PubMed Central

    Carlisle, McKenzie; Uchino, Bert N.; Sanbonmatsu, David M.; Smith, Timothy W.; Cribbet, Matthew R.; Birmingham, Wendy; Light, Kathleen C.; Vaughn, Allison A.

    2011-01-01

    Objective The quality of one’s personal relationships has been reliably linked to important physical health outcomes, perhaps through the mechanism of physiological stress responses. Most studies of this mechanism have focused on whether more conscious interpersonal transactions influence cardiovascular reactivity. However, whether such relationships can be automatically activated in memory to influence physiological processes has not been determined. The primary aims of this study were to examine if subliminal activation of relationships could influence health-relevant physiological processes, and to examine this question in the context of a more general relationship model that incorporates both positive and negative dimensions. Method We randomly assigned participants to be subliminally primed with existing relationships that varied in their underlying positivity and negativity (i.e., indifferent, supportive, aversive, ambivalent). They then performed acute psychological stressors while cardiovascular and self-report measures were assessed. Results Priming negative relationships was associated with greater threat, lower feelings of control, and higher diastolic blood pressure reactivity during stress. Moreover, priming relationships high in positivity and negativity (ambivalent ties) was associated with the highest heart rate reactivity and greatest respiratory sinus arrhythmia decreases during stress. Exploratory analyses during the priming task itself suggested that the effects of negative primes on biological measures were prevalent across tasks, whereas the links to ambivalent ties was specific to the subsequent stressor task. Conclusions These data highlight novel mechanisms by which social ties may impact cardiovascular health, and further suggest the importance of incorporating both positivity and negativity in the study of relationships and physical health. PMID:21842996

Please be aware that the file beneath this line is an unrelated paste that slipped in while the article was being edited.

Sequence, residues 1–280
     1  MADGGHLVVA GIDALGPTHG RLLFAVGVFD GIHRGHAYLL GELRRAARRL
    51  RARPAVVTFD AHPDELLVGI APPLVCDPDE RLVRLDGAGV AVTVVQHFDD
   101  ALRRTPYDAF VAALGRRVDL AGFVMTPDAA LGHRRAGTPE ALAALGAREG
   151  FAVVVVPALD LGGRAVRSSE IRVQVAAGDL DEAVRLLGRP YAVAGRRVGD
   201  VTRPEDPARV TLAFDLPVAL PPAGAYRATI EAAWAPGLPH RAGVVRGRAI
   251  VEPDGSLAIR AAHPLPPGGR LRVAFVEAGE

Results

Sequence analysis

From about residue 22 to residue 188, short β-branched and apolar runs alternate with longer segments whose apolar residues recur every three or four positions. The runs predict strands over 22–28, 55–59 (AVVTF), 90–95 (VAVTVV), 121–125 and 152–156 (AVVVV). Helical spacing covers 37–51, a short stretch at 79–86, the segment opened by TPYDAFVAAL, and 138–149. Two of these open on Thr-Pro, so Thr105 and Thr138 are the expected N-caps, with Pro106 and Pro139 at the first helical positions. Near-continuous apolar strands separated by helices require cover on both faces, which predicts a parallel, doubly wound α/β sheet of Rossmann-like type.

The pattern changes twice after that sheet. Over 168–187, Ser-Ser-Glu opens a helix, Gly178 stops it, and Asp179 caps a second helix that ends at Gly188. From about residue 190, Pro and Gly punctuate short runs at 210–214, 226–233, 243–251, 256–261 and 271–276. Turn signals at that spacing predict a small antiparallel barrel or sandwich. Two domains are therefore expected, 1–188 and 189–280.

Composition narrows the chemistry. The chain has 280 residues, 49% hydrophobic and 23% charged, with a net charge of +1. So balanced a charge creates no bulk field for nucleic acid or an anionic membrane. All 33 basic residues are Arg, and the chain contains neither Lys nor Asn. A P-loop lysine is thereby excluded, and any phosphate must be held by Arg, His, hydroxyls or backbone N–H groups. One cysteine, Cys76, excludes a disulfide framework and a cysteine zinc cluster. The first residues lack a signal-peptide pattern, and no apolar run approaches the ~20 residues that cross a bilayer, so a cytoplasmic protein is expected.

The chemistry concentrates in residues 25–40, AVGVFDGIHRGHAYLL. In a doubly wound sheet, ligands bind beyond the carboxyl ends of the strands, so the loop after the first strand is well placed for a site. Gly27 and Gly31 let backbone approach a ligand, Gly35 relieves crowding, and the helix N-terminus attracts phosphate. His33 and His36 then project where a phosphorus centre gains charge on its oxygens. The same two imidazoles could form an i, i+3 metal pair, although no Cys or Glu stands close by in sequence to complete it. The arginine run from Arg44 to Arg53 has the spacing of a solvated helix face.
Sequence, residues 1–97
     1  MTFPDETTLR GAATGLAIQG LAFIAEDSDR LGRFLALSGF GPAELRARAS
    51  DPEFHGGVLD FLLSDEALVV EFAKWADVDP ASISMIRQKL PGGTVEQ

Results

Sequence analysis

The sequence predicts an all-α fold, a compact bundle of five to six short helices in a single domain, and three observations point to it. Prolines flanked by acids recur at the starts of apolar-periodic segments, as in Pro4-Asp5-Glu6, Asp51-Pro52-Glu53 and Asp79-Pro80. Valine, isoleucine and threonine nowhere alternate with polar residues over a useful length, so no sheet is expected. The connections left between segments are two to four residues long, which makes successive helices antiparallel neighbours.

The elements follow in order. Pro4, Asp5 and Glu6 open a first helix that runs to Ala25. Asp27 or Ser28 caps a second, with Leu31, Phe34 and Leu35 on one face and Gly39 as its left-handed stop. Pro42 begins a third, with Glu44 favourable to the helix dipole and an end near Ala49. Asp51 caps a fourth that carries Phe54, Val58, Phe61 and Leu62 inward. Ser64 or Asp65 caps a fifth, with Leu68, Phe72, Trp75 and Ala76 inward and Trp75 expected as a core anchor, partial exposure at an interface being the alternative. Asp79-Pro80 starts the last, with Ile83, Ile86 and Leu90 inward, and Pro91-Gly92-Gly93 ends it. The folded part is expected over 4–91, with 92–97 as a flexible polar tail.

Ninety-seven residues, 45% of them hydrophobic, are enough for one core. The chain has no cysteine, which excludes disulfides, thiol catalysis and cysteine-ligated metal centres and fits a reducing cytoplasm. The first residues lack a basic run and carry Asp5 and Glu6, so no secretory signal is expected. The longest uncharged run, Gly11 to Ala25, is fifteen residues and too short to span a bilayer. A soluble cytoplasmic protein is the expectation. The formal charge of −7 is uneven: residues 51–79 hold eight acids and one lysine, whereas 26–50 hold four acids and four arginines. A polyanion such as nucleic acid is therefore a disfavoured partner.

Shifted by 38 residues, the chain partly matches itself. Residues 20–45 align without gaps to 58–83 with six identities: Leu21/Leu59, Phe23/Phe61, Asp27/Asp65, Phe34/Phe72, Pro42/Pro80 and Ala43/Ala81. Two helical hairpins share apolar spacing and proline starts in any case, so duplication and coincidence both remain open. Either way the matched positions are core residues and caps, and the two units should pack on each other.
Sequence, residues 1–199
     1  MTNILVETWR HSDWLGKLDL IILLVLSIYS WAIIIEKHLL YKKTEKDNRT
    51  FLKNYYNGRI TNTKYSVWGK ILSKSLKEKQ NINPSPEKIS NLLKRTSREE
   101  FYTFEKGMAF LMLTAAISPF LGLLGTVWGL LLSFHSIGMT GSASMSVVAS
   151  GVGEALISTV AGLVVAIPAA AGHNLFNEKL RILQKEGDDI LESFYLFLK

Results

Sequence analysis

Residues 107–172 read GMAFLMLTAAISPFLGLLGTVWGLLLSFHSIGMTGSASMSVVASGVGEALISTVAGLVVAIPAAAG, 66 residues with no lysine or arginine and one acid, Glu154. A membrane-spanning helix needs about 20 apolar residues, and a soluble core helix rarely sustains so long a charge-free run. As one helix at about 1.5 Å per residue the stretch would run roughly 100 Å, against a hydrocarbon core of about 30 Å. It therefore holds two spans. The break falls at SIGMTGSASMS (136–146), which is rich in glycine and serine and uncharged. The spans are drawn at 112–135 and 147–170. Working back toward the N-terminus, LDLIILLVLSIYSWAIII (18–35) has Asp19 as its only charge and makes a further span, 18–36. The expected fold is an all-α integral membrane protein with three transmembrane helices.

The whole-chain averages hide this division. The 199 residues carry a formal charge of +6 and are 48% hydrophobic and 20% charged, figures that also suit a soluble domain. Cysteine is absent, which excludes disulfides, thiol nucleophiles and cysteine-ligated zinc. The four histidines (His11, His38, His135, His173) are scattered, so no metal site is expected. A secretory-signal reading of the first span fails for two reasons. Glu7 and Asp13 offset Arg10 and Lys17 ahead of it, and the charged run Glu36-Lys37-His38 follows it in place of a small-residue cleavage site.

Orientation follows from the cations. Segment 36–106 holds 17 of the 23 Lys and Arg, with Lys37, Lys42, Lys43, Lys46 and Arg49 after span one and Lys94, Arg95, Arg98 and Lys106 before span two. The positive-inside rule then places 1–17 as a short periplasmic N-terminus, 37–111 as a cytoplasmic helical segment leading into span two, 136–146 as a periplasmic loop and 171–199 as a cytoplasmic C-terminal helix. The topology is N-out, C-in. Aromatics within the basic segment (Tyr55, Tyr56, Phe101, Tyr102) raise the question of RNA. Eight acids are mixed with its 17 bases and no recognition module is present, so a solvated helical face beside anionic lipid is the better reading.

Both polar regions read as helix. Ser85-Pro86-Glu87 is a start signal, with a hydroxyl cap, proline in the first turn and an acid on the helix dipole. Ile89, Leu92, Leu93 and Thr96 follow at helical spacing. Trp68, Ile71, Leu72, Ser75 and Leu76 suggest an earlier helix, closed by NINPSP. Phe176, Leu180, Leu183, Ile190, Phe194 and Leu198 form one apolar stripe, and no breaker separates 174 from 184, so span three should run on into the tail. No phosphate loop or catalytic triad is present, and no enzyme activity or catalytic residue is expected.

17. Gender differences in personal, social and environmental influences on active travel to and from school for Australian adolescents.

    PubMed

    Leslie, Eva; Kremer, Peter; Toumbourou, John W; Williams, Joanne W

    2010-11-01

    Active travel (walking or cycling for transport) is an important contributor to adolescents overall physical activity (PA). This study examines associations between personal, social and environmental variables and active travel to and from school using data from a large observational study to examine active travel in 2961 year 6 and 8 students (48.7% male), aged 10-14 years (M=11.4, SD=0.8yrs) from 231 schools. Participants completed an on-line survey and all reported living within 2km of school. Data collected included mode of travel to and from school, self-reported health, and PA variables. Social environmental variables included having playgrounds, parks or gyms close by, feeling safe to walk alone, barriers to walking in the neighbourhood (e.g. traffic, no footpaths), peer and family support for PA, existence of sports teams/scout groups, community disorder and perceived neighbourhood safety. Results showed that while more girls (44.3%) than boys (37.4%) walked to school, lower proportions rode bikes (8.3% vs 22.4%) and hence fewer were active travellers overall. Logistic regression models, adjusted for age, location and socio-economic status were conducted for active travel to/from school, separately for boys and girls. Predictors for boys and girls being 'active travellers' to/from school included recreational facilities close to home, higher perceived safety of the neighbourhood and higher community disorder. For boys, social support from friends, scout groups available and higher enjoyment of physical activity was also important. These findings suggest areas for future research and may be used to guide strategies to increase active travel to and from school. PMID:20594909